In five days Jacob starts school again. At a new school. In Delaware, students go to middle school in 5th grade. Not sure why, but that’s they way it is. Jacob is very nervous. He already knows there will be some other students there that he had problems with in the past. Even some student’s parents as well. My wife and I explained to him yesterday that is all in the past, and the best way to forget about those times is to move forward. I think it will take him a while. With any new school for Jacob, there is the reeducation of teachers and students about his Tourette’s Syndrome. His new school will be very proactive about it.
On Monday, the teachers and staff are being trained on Tourette’s and what to expect. This was something my wife and I insisted on. We wanted it as an actual goal in the IEP, but we were refused on the grounds that it doesn’t affect Jacob’s educational outcome. I still disagree with that, but since the school agreed for all staff to be trained on it prior to school starting, each year, then I will take it as a win. Students will be trained in the first week or two of school. I know Jacob will be nervous and he will be ticking a bit. I just pray that no cruel bullying or teasing results from it.
Children can be cruel. We all know this. They don’t always understand what is different. Sometimes adults don’t either. I can deal with children being cruel, to a point. Once they know and have the knowledge to understand Jacob’s condition, and they continue to do it, to me that is bullying and discrimination. It’s no worse than making fun of someone’s race or religion. In Delaware, somewhere around 30% of bullying in schools is directed towards kids with disabilities.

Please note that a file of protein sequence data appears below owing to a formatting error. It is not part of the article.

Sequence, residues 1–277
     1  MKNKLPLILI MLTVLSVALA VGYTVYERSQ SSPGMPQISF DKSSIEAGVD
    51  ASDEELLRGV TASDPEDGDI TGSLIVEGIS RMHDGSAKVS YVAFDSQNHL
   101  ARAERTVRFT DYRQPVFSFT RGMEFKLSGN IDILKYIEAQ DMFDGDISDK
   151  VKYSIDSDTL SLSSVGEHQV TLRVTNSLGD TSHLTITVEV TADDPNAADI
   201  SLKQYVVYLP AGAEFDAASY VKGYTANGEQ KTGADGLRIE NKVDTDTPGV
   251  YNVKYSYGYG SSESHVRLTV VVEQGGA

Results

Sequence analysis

When an adult does this, it is beyond intolerant in my eyes. It is shameful, and those people need to look inside themselves to find out why they think it’s okay to do that. There is no reason for any adult in this day and age, with what we know, to not understand that what is different about people is what makes us unique.
My wife and I have a transitional IEP meeting on Wednesday, the day before school. This will give us a chance to let his teacher’s know about his disabilities and what to expect with Jacob. I know one of his primary teachers was selected as a teacher of the year last year, so that gives me hope.
I am already dreading 5th grade Common Core homework. My hate and loathing of the CCSS has only grown since Jacob was in 4th grade. I know if I see one more math problem that takes three times longer to do than what I had to do, I may have to take a step outside and count to ten. Then I will come inside, take a deep breath, and attempt to help him with his homework. It is my fervent hope the Smarter Balanced Assessment will be a thing of the past by the time they have to take that monstrosity. I really can’t think of any other word for it. But no matter what happens, I have to be there for Jacob and help him with what he has to do, no matter how much I loathe it. Cause that’s what Dads do!